• Abstract: As documented in this chapter during the last quarter (and over the last several years), U.S.-Russian relations have deteriorated to post-Cold War lows. Given the number of distractions over the last few months, relations stabilized somewhat in that the usual number of caustic barbs hurled across the oceans was limited. The leaders of the two nations are increasingly preoccupied with finding solutions to the economic ills affecting their respective nations and the entire world. As the Obama administration comes to office there seems to be a determination to reestablish a working relationship with the Kremlin, something that was obviously lacking during the August crisis when Russian troops invaded Georgia. President-elect Obama and future Cabinet members – as well as members of Congress – have publicly stated the need to recalibrate relations with Russia, starting with arms control.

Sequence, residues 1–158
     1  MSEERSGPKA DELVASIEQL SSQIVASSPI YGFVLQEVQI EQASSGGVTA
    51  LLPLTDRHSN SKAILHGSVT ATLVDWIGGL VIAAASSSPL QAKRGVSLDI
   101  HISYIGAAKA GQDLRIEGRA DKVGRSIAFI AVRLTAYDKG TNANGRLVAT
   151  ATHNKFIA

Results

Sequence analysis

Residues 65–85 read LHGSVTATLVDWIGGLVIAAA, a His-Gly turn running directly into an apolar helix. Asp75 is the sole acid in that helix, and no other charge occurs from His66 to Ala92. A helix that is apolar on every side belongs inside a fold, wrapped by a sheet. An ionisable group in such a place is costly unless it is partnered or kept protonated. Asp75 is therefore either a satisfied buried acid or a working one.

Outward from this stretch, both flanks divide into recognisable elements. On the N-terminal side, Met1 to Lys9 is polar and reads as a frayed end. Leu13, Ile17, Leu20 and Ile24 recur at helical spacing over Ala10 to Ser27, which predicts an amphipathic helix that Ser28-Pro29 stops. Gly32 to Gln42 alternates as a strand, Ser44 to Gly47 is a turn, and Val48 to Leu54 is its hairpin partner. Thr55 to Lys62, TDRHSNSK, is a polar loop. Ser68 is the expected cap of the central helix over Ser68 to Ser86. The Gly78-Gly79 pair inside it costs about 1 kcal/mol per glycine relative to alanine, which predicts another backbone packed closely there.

• Topic: Cold War, Economics
  • Political Geography: Russia, United States
  • Publication Date: 01-2009
  • Content Type: Journal Article
  • Journal: Comparative Connections
  • Institution: Center for Strategic and International Studies
  • Abstract: No abstract is available.
  • Topic: International Relations, Development, Economics
  • Political Geography: Russia, China, Beijing
  • Author: Andrei Illarionov
  • Publication Date: 01-2008
  • Content Type: Journal Article
  • Journal: The Cato Journal
  • Institution: The Cato Institute
  • Abstract: One day I asked Milton Friedman a question. That question was in my mind every time we met: “Could he have achieved the same status he did in America if he had lived in Russia—not only in terms of his research, but in shaping his outlook on life and in his under-standing of freedom?” Having kept silent for a moment, he answered: “no.”
  • Topic: Economics
  • Political Geography: Russia, United States, America, Europe, Asia
  • Author: Petr Stegniy
  • Publication Date: 12-2008
  • Content Type: Journal Article